Relatives of the victims of the bomb and gun assault on the North Sinai Rawda mosque sit outside the Suez Canal University hospital in the eastern port city of Ismailia on November 25, 2017, where they were taken to receive treatment following the deadly attack the day before. Egypt's President Abdel Fattah al-Sisi vowed on November 24 to respond forcefully after the attackers killed at least 235 worshippers in the packed mosque in restive North Sinai province, the country's deadliest attack in recent memory. / AFP PHOTO / MOHAMED EL-SHAHED (Photo credit should read MOHAMED EL-SHAHED/AFP/Getty Images)
The Eiffel Tower is pictured in Paris before switching off lights on November 24, 2017 in tribute to the victims of the deadly attack on a mosque in Egypt's Sinai. Armed attackers on November 24, 2017 killed at least 235 worshippers in a bomb and gun assault on a packed mosque in Egypt's restive North Sinai province, in the country's deadliest attack in recent memory. / AFP PHOTO / Thomas SAMSON (Photo credit should read THOMAS SAMSON/AFP/Getty Images)
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ATTACK RATTLES EGYPTIANS

Egyptians were stunned because the attack was directed at a mosque - a rarity in the country's history of Islamist insurgencies.

The possibility that ultra-hardline Islamists are shifting tactics and picking new targets is worrying for Egypt, where governments have struggled to contain groups far less brazen than Islamic State.

Egyptian leaders have adopted a zero-tolerance policy, with air strikes, raids on militant hideouts and long prison sentences.

President Abdel Fattah al-Sisi has once again threatened to crush the militants.

"The armed forces and the police will avenge our martyrs and restore security and stability with the utmost force in the coming period," he said after Friday's carnage.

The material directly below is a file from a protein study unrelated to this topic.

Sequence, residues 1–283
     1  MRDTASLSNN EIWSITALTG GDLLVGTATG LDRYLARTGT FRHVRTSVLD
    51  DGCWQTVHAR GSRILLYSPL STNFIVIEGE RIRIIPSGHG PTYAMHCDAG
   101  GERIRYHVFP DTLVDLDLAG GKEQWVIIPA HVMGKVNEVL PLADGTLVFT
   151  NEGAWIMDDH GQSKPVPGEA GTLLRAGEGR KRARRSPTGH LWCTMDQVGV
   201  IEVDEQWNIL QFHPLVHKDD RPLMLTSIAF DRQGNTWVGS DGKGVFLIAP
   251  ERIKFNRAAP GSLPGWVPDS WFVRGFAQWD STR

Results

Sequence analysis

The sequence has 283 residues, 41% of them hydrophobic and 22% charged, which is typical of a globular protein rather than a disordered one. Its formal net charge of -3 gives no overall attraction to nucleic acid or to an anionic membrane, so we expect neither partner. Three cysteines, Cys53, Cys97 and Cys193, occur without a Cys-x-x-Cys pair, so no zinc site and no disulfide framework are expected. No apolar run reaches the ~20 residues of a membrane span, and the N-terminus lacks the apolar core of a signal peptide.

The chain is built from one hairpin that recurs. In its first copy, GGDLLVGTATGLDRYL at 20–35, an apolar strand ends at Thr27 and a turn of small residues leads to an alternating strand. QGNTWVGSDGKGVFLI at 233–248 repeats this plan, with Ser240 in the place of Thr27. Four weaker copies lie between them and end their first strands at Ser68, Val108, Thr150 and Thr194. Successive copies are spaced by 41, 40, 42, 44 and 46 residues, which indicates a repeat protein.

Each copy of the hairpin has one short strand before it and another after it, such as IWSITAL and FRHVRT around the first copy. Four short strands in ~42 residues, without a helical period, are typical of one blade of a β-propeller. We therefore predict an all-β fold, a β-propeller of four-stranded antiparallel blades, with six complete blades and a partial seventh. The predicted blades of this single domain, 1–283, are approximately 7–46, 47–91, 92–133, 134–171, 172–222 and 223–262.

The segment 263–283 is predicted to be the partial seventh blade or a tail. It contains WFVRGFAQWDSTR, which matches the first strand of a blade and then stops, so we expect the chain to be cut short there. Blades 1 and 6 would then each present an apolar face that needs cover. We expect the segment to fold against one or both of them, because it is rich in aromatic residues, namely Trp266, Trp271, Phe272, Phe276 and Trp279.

Sisi has called for a comprehensive campaign to counter what he describes as the existential threat of radical jihadism, deploying moderate clerics to promote moderate Islam, for instance.

He is expected to run for a second term early next year. Even with a convincing win, he will face pressure to deliver on promises of stability, especially if attacks like that on Al Rawdah persist.

For Islamic State, the village was a target because of its ties to Sufism, a mystical form of Islam that hardline Islamist groups consider heretical.

Some villagers recalled how these threats were made about a year ago in an Islamic State internet publication.

In a December 2016 issue of al-Nabaa, one of the group's religious leaders left little doubt that Sufis would be targeted. It mentioned Al Rawdah directly.

"Our primary focus lies in the war against polytheism and apostasy, and of those, Sufism, sorcery and divination," he said. More threats were made in early 2017.

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A glimpse into the land ISIS has lost
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A glimpse into the land ISIS has lost
A billboard (L) with Koranic verses is seen in the historic city of Palmyra, in Homs Governorate, Syria April 1, 2016. REUTERS/Omar Sanadiki SEARCH "PALMYRA SANADIKI" FOR THIS STORY. SEARCH "THE WIDER IMAGE" FOR ALL STORIES